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ET++ - An Object-Oriented Application Framework in C++


Andre’ Weinand
Erich Gamma
Rudolf Marty
Institute for Informatics
University of Zurich
Winterthurerstr. 190
CI-I-8057 Zurich, Switzerland
E-mail: (weinand,gamma,marty]@ifi.unizh.ch
(weinand,gamma.marty)@unizh.uucp

Abstract workstations running Sun’s enhanced version of 4.2BSD


ET++ is an object-oriented application framework UNIX and SunWindowP. ET++, as we call the object-
implemented in C++ for a UNIX? environment and a oriented application framework, essentially combines the
conventional window system. The architecture of ET++ functionality of MacAppm [Sch86,Ros86] with an
is based on MacApp and integrates a rich collection of object-oriented flavour of the Macintosh toolbox [App85]
user interface building blocks as well as basic data while enhancing and generalizing the class hierarchy.
strut tures to form a homogeneousand extensibIesystem. Besides its uniform object-oriented implementation, the
The paper describesthe graphic modeI and its underlying novel aspectsintroduced in ET++ are:
abstract window system interface, shows composite . Its declarative layout specification for composite
objects as a substrate for declarative layout specification objects as found in dialog boxes modeled after a
of complex dialogs, and presentsa model for editable text system to typesetmathematicalformulas.
allowing the integration of arbitrary interaction objects. . The possibility to build up a hierarchy of
independently scrollable views.
1. Introduction . Flexible classesto handle text as a base to integrate
Since 1984 our research group worked on a UNIX based arbitrary objects.
toolkit to support high-level dialogs on bitmap-oriented Fig. I shows a screen with applications developed with
workstations. Our toolkit, called ET [Mar86], has been ET++.
used in several projects. It proved to be useful but
appeared to us as too rigid, especially after we started to 2. ET++ -Technical Objectives
think in object-oriented terms.
The principle aim in developing ET++ was to design and
In early 1987 we initiated a follow-up project to implement an object-oriented application framework for a
design and implement a fully object-oriented application UNIX environment with roughly the functionality of both
framework for UNIX environments. The implementation MacApp and the user interface elementsof the Macintosh
language is C++, our development and target systemsSun tOObOX.

t UNIX is a registered trademark of AT&T. Another goal was to unify the hybrid. structure of
MacApp and the non object-oriented Macintosh toolbox
into a single object-oriented application framework. We
Permlwon to copy without fee all or part of this material is granted provided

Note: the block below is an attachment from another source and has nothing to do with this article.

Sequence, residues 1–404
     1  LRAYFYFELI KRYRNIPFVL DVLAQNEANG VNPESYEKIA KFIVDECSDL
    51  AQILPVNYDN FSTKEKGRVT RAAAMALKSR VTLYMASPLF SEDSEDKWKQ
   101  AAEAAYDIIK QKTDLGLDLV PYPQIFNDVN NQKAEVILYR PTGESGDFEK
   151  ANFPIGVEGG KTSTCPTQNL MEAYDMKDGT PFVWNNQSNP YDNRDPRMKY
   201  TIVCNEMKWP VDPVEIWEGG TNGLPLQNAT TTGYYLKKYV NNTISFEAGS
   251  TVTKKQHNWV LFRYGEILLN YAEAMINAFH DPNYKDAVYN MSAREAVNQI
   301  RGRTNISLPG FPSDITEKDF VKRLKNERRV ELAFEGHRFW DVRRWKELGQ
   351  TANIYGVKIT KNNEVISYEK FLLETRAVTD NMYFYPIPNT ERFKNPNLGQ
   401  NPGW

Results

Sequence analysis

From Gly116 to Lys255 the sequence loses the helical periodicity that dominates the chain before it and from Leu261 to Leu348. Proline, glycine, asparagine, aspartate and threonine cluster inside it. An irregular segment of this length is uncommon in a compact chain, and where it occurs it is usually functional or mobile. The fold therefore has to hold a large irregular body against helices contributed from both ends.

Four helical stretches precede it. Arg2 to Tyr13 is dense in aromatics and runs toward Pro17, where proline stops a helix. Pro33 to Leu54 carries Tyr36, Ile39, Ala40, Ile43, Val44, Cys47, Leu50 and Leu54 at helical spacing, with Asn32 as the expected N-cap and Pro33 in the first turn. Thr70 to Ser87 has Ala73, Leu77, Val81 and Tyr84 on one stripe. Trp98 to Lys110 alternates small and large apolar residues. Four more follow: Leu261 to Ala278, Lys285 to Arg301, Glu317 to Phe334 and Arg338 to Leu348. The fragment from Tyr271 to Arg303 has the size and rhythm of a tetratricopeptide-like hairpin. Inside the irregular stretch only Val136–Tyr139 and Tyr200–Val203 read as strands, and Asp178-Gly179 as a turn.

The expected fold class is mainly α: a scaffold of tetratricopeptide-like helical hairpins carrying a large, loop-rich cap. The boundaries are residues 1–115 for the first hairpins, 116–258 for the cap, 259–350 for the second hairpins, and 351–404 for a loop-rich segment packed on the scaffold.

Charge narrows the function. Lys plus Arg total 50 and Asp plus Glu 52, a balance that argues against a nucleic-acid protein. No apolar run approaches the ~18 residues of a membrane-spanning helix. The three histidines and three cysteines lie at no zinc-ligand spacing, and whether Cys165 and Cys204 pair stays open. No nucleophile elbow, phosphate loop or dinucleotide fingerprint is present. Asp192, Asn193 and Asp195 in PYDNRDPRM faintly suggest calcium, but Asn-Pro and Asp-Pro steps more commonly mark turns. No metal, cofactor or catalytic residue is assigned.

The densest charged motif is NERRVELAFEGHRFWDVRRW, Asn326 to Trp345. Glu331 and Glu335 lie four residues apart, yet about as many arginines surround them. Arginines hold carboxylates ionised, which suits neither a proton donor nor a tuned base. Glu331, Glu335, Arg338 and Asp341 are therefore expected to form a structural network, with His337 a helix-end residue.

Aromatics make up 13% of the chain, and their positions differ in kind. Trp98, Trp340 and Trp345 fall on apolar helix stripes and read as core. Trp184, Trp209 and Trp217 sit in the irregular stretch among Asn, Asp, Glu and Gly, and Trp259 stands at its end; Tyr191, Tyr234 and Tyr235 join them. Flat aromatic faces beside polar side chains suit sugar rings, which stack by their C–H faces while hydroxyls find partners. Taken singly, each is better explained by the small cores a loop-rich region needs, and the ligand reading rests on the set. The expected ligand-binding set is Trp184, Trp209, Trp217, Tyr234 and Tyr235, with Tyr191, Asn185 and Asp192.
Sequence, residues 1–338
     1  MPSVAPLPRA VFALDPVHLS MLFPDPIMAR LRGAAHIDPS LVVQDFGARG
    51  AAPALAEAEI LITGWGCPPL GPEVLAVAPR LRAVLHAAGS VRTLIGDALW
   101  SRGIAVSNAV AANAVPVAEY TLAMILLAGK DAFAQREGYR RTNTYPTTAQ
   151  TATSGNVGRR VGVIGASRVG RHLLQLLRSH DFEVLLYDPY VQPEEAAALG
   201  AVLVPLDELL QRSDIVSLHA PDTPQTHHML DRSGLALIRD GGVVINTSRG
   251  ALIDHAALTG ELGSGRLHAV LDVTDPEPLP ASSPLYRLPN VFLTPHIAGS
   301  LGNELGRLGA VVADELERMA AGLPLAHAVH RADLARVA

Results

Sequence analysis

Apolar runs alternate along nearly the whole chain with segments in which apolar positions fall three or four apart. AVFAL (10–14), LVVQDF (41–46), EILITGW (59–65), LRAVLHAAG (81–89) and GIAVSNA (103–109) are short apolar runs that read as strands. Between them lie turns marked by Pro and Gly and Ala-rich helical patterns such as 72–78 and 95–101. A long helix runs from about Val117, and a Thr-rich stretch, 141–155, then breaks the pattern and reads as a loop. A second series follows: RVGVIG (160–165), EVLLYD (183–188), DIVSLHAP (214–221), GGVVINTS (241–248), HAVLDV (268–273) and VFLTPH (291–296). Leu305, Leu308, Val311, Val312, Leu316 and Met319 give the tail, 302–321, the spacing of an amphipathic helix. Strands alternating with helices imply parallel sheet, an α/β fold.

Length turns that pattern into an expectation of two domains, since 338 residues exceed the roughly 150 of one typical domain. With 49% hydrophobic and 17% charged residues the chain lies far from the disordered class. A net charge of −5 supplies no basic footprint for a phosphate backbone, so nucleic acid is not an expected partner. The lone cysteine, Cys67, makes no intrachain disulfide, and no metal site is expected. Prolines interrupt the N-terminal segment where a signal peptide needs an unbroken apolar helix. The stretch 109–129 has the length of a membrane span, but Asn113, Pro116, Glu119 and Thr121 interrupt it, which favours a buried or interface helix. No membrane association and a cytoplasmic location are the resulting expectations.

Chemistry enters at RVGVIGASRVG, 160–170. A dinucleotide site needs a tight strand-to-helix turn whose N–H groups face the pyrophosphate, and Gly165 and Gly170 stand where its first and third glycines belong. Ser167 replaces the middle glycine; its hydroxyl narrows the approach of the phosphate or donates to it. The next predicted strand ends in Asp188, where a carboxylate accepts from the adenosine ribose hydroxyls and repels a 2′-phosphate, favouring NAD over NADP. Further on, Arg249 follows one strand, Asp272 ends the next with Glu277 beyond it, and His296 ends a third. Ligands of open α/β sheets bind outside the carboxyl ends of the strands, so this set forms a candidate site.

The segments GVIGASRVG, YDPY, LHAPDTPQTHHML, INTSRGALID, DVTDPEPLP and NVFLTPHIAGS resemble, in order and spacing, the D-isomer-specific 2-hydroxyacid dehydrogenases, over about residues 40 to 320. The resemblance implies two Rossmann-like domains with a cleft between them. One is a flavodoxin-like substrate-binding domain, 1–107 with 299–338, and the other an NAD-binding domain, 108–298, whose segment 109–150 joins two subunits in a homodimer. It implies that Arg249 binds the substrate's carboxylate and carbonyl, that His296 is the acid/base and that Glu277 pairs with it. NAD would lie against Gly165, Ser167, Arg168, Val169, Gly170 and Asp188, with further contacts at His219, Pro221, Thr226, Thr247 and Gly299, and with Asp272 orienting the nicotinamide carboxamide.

thar the copies are not made or distributed for direct commercial advantage,
believe that a major drawback of MacApp is the fact that
rhc ACM copyright notice and the title of the publication and its date appear, MacApp is only a thin Iayer on top of the Macintosh
and not~c IS given that copying is by permission of the Association for toolbox. The implementation of complex applications, as
Computing Machinery. To copy otherwise. or to republish. requires a fee and/
or spcctlic pcrmmlon. a result, always requires some intimate knowledge of both
the internal structure of MacApp and the Macintosh
0 1988 ACM 0-89791-284-5/88/0009/0046 $1.50 toolbox interface. We hoped that a single homogeneous

46 OOPSLA‘88 Proceedings September25-30,19&I


Find What
ation SunWindowPort

n Match Whole Word

-PostscriptPort

Figure 1: Someapplications developedwith ET++

system would strongly improve the efficiency of building did not want to implement a new window system, and
complex applications, especially for non-expert program- third, we believed that it is possible to find a small set of
mers. This would allow students develop CASE (Com- window system functions that is available in most
puter Aided Software Engineering) applications in short window systems or that can be adapted in a small
term projects. interface layer between ET++ and an underlying system.
We planned to realize the building blocks of the
user interface exclusively with concepts known from 3. The ET++ - Architecture
MacApp and to unify all parts of the implementation of The basic building blocks of the ET++ architecture are a
ET++ with a small set of basic mechanisms.If extensions class hierarchy and a small device dependentlayer mainly
should become necessary they should never make the mapping an abstract window system interface to the
overall structure of ET++ more complex and less elegant underlying real window system (Pig.2).
‘Ihe integration of foundation classes like those
known from the Smalltalk programming environment
[Go1831was another goal. The term integration not only
means installing these classesin the class hierarchy but
also supporting them with mechanismsfor interaction and
rendering on the screen.
Portability was a major issue in the design of ET++. Layor

In contrast to the Macintosh, a UNIX environment lacks Window System


an established window system standard. In order to UNIX
overcome these problems when building portable
applications, some implementorsof user interface toolkits
and application frameworks build their own window Figure 2: ET++ - architecture
system which either occupies the entire screen or lives